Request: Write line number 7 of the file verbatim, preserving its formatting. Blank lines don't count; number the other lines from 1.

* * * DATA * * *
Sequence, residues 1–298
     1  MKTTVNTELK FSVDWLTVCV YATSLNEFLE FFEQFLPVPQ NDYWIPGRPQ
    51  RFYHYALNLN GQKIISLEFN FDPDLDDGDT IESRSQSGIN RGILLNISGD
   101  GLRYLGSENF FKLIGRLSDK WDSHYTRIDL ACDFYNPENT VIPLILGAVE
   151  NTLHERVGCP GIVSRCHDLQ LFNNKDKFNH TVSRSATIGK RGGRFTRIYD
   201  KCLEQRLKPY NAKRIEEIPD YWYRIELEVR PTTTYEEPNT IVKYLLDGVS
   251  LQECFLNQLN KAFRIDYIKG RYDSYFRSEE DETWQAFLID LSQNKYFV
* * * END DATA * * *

   251  LQECFLNQLN KAFRIDYIKG RYDSYFRSEE DETWQAFLID LSQNKYFV